According to Wired.com:
A federal judge dismissed a Roman Catholic pharmacist’s claim that he was fired by Wal-Mart Stores for refusing to fill birth control prescriptions and that the dismissal violated his religious freedom.
U.S. District Judge John Shabaz said Neil Noesen was actually fired from the Onalaska [WI] store last summer because he was disruptive and wasn’t meeting expectations. The Thursday ruling said Wal-Mart accommodated Noesen’s religious opposition to birth control by having other pharmacists fill prescriptions. It also said Noesen went too far by trying to avoid any interaction with those customers, leading to poor customer service.
A more detailed account from the Minneapolis-St. Paul Star Tribune is available here. It notes:
…The state Pharmacy Examining Board sanctioned Noesen last year after he refused to fill a contraceptive prescription or transfer it to another pharmacy while he was a temporary pharmacist at a Menomonie Kmart in 2002. The board reprimanded him and forced him to attend ethics classes, saying he could not stand in the way of the woman’s care.
The case prompted Republican lawmakers to introduce a bill prohibiting state regulators from punishing pharmacists who refuse to dispense birth control but the plan failed to win approval in either chamber.
Adler said the staffing agency was aware of his religious beliefs when he was hired and signed an agreement allowing him to decline to fill birth control prescriptions or answer inquiries about them. But she said he became a disruption when he repeatedly failed to find other pharmacists to help the patients after just five days on the job.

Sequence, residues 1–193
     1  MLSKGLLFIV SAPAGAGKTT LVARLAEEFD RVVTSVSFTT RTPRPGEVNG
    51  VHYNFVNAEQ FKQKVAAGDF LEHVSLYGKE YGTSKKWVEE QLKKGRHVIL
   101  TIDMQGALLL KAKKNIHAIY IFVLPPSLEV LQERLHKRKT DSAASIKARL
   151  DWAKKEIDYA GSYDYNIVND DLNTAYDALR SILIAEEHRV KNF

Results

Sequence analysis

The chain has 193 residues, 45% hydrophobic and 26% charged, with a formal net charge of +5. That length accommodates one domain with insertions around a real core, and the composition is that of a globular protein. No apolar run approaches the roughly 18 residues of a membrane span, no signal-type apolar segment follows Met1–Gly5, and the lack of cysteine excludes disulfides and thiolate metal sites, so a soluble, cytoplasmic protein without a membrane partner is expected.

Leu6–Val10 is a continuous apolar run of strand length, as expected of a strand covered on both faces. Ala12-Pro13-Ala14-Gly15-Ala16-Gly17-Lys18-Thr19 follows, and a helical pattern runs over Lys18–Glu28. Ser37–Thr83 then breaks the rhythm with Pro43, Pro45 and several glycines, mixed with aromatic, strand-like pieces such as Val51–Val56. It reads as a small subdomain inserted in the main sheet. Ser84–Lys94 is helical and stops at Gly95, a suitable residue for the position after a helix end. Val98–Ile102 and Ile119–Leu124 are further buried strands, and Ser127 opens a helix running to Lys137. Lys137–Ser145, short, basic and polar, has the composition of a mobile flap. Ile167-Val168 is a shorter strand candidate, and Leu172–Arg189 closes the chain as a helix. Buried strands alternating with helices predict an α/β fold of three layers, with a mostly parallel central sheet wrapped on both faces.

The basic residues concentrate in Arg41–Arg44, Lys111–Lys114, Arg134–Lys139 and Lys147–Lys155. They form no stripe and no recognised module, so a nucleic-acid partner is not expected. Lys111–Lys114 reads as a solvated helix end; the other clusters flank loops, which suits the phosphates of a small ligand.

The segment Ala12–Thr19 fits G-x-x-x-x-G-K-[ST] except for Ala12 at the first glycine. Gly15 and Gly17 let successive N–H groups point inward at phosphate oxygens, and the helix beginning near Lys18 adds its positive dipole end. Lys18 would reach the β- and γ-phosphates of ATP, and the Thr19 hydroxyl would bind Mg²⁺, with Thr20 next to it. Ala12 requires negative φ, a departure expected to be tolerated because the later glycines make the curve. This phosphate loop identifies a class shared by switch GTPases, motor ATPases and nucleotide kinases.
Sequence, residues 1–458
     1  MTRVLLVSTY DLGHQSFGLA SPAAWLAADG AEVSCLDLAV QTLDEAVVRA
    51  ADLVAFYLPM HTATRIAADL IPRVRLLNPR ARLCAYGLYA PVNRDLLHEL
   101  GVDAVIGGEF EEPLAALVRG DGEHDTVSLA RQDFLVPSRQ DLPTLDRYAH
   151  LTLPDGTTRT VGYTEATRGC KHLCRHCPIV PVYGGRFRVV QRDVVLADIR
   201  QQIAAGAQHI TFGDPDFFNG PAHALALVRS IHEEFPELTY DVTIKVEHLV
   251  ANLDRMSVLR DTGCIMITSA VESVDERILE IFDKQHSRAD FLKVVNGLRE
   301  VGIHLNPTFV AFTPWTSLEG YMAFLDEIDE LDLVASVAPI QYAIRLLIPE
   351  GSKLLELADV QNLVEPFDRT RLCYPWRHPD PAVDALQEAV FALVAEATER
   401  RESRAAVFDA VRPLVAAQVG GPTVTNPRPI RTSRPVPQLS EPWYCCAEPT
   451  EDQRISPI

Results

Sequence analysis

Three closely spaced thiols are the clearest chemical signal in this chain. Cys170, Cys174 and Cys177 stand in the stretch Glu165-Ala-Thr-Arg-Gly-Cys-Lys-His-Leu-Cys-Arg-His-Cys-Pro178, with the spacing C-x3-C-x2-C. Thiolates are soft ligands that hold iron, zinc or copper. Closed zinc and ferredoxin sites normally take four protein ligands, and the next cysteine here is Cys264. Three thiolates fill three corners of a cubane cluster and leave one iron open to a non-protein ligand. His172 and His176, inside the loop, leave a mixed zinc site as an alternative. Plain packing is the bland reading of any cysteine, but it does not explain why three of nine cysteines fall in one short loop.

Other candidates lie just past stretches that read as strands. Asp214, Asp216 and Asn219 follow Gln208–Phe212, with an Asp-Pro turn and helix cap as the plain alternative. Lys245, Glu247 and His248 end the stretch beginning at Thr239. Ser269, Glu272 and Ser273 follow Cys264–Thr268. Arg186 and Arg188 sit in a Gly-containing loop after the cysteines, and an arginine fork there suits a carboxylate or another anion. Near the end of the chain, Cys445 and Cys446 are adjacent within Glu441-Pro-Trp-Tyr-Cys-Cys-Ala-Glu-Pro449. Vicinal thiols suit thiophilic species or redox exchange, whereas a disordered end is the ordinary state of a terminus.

Noesen, of St. Paul, Minn., argued the agreement he signed allowed him to simply walk away from them and that his boss was pressuring him to help customers seeking birth control.
When Wal-Mart asked him to leave the store, he refused and was eventually dragged out in a wheelchair by police in Onalaska, a city of 15,000 near La Crosse in western Wisconsin, according to the judge’s ruling. Last month, he was convicted of resisting arrest but acquitted on a disorderly conduct charge stemming from that incident.
Noesen, 32, represented himself in the federal lawsuit filed earlier this year. There was no phone listing available for him in the St. Paul area.
Noesen’s license to practice in Wisconsin expired Wednesday, according to the Department of Regulation and Licensing. He has so far failed to provide proof that he took the ethics classes or pay back the $20,767 cost of the disciplinary action against him, said Steve Gloe, general counsel of the agency. His license cannot be renewed until he pays the costs.
Here is a copy of the Final Order in the disciplinary hearings brought againt Noesen before the State of Wisconsin’s Pharmacy Examining Board. It provides specific details about Noesen’s actions. As soon as I find an online copy of Judge Shabaz’s ruling I will link to it as well.